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Title: Relaxation in polymer electrolytes on the nanosecond timescale.

Abstract

The relation between mechanical and electrical relaxation in polymer/lithium-salt complexes is a fascinating and still unresolved problem in condensed-matter physics, yet has an important bearing on the viability of such materials for use as electrolytes in lithium batteries. At room temperature, these materials are biphasic: they consist of both fluid amorphous regions and salt-enriched crystalline regions. Ionic conduction is known to occur predominantly in the amorphous fluid regions. Although the conduction mechanisms are not yet fully understood, it is widely accepted that lithium ions, coordinated with groups of ether oxygen atoms on single or perhaps double polymer chains, move through re-coordination with other oxygen-bearing groups. The formation and disruption of these coordination bonds must be accompanied by strong relaxation of the local chain structure. Here we probe the relaxation on a nanosecond timescale using quasielastic neutron scattering, and we show that at least two processes are involved: a slow process with a translational character and one or two fast processes with a rotational character. Whereas the former reflects the slowing-down of the translational relaxation commonly observed in polyethylene oxide and other polymer melts, the latter appears to be unique to the polymer electrolytes and has not (to our knowledge) beenmore » observed before. A clear picture emerges of the lithium cations forming crosslinks between chain segments and thereby profoundly altering the dynamics of the polymer network.« less

Authors:
; ; ; ; ; ;
Publication Date:
Research Org.:
Argonne National Lab. (ANL), Argonne, IL (United States)
Sponsoring Org.:
USDOE Office of Science (SC)
OSTI Identifier:
942878
Report Number(s):
ANL/MSD/JA-35534
Journal ID: ISSN 0028-0836; TRN: US0904494
DOE Contract Number:  
DE-AC02-06CH11357
Resource Type:
Journal Article
Journal Name:
Nature
Additional Journal Information:
Journal Volume: 405; Journal Issue: 6783 ; May 11, 2000; Journal ID: ISSN 0028-0836
Country of Publication:
United States
Language:
ENGLISH
Subject:
74 ATOMIC AND MOLECULAR PHYSICS; ELECTROLYTES; LITHIUM; LITHIUM IONS; POLYETHYLENE GLYCOLS; POLYMERS; RELAXATION

Citation Formats

Mao, G., Fernandez-Perea, R., Price, D. L., Saboungi, M.-L., Howells, W. S., Materials Science Division, and Rutherford-Appleton Lab. Relaxation in polymer electrolytes on the nanosecond timescale.. United States: N. p., 2000. Web. doi:10.1038/35012032.
Mao, G., Fernandez-Perea, R., Price, D. L., Saboungi, M.-L., Howells, W. S., Materials Science Division, & Rutherford-Appleton Lab. Relaxation in polymer electrolytes on the nanosecond timescale.. United States. doi:10.1038/35012032.
Mao, G., Fernandez-Perea, R., Price, D. L., Saboungi, M.-L., Howells, W. S., Materials Science Division, and Rutherford-Appleton Lab. Thu . "Relaxation in polymer electrolytes on the nanosecond timescale.". United States. doi:10.1038/35012032.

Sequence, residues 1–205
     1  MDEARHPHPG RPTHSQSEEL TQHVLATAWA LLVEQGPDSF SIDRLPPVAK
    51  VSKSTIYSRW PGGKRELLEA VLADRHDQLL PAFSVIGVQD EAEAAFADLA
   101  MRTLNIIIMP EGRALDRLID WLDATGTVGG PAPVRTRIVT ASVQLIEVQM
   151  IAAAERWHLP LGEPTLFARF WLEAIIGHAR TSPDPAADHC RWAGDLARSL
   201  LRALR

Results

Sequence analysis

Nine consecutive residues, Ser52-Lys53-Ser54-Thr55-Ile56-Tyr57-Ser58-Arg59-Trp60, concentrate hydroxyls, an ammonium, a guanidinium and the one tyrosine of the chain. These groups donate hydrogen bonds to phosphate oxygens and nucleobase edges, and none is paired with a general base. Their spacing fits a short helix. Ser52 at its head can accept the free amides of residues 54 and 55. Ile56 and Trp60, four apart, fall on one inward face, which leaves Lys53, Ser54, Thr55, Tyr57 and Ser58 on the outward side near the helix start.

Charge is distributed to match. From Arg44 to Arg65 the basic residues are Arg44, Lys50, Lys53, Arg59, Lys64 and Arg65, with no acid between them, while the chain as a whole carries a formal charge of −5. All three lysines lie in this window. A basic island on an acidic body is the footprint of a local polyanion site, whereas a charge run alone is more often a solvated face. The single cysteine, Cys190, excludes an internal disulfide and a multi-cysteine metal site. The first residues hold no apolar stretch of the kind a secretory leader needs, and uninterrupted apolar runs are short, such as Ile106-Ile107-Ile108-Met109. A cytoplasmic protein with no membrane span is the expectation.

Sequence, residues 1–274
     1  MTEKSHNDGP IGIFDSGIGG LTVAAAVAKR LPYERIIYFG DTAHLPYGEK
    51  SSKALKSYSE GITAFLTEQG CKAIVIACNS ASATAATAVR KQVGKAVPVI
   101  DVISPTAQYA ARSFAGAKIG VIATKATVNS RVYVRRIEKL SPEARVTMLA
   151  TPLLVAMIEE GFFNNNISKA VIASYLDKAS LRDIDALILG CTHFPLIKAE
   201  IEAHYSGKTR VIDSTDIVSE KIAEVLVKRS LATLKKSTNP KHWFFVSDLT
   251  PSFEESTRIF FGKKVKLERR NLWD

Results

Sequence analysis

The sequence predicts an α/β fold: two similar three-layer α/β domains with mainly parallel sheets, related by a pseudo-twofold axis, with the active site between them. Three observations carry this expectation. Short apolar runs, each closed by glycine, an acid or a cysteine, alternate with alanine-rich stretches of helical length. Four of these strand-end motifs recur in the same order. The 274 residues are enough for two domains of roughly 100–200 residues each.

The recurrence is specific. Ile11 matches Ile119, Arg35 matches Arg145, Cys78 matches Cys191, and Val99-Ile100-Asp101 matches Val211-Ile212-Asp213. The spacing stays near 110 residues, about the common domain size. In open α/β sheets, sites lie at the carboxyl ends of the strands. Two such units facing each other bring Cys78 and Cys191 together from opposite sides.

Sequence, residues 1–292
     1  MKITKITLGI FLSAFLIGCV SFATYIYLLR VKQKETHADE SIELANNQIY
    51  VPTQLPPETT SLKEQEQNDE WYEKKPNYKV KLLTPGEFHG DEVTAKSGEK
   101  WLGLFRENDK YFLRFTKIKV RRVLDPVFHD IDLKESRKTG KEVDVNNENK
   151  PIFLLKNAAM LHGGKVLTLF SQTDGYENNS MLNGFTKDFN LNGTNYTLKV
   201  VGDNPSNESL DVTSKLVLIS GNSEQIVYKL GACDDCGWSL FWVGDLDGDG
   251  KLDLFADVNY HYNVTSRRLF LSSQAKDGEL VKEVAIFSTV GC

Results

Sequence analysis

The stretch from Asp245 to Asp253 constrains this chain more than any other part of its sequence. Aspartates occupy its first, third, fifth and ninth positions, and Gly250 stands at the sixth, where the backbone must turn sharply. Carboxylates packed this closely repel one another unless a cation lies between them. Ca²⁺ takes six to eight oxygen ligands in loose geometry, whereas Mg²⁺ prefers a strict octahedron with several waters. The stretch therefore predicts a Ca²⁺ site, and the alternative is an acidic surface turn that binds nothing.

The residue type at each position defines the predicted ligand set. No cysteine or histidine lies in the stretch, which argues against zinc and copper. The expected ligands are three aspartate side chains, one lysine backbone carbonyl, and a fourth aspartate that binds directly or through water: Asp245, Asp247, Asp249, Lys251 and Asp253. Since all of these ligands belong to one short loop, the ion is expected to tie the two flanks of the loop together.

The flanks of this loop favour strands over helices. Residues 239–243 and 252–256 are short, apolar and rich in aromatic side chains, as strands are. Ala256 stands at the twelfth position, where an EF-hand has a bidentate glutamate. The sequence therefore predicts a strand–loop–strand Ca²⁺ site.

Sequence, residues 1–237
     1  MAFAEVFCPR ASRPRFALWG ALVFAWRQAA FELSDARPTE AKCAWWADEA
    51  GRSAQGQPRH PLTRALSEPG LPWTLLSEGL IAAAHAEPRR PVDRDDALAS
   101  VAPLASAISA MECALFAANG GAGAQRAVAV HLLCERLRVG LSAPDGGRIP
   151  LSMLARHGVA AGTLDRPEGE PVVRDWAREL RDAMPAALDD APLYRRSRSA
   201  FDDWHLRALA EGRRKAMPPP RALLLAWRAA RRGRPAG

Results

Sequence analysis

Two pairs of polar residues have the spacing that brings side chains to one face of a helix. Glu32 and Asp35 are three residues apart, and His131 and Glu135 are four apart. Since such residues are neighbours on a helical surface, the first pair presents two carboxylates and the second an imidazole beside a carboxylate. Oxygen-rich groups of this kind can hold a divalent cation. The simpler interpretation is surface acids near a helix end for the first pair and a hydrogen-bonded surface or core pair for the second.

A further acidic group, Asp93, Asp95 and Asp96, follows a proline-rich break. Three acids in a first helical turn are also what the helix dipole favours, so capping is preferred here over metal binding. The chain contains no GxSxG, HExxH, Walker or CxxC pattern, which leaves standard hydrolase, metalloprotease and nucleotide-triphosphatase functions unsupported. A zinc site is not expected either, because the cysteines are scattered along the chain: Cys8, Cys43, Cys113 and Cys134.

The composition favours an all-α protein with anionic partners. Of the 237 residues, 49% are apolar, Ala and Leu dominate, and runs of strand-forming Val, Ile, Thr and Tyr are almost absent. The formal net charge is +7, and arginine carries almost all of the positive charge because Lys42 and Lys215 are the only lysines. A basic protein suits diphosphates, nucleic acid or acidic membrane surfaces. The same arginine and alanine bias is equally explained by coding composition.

@article{osti_942878,
title = {Relaxation in polymer electrolytes on the nanosecond timescale.},
author = {Mao, G. and Fernandez-Perea, R. and Price, D. L. and Saboungi, M.-L. and Howells, W. S. and Materials Science Division and Rutherford-Appleton Lab.},
abstractNote = {The relation between mechanical and electrical relaxation in polymer/lithium-salt complexes is a fascinating and still unresolved problem in condensed-matter physics, yet has an important bearing on the viability of such materials for use as electrolytes in lithium batteries. At room temperature, these materials are biphasic: they consist of both fluid amorphous regions and salt-enriched crystalline regions. Ionic conduction is known to occur predominantly in the amorphous fluid regions. Although the conduction mechanisms are not yet fully understood, it is widely accepted that lithium ions, coordinated with groups of ether oxygen atoms on single or perhaps double polymer chains, move through re-coordination with other oxygen-bearing groups. The formation and disruption of these coordination bonds must be accompanied by strong relaxation of the local chain structure. Here we probe the relaxation on a nanosecond timescale using quasielastic neutron scattering, and we show that at least two processes are involved: a slow process with a translational character and one or two fast processes with a rotational character. Whereas the former reflects the slowing-down of the translational relaxation commonly observed in polyethylene oxide and other polymer melts, the latter appears to be unique to the polymer electrolytes and has not (to our knowledge) been observed before. A clear picture emerges of the lithium cations forming crosslinks between chain segments and thereby profoundly altering the dynamics of the polymer network.},
doi = {10.1038/35012032},
journal = {Nature},
issn = {0028-0836},
number = 6783 ; May 11, 2000,
volume = 405,
place = {United States},
year = {2000},
month = {5}
}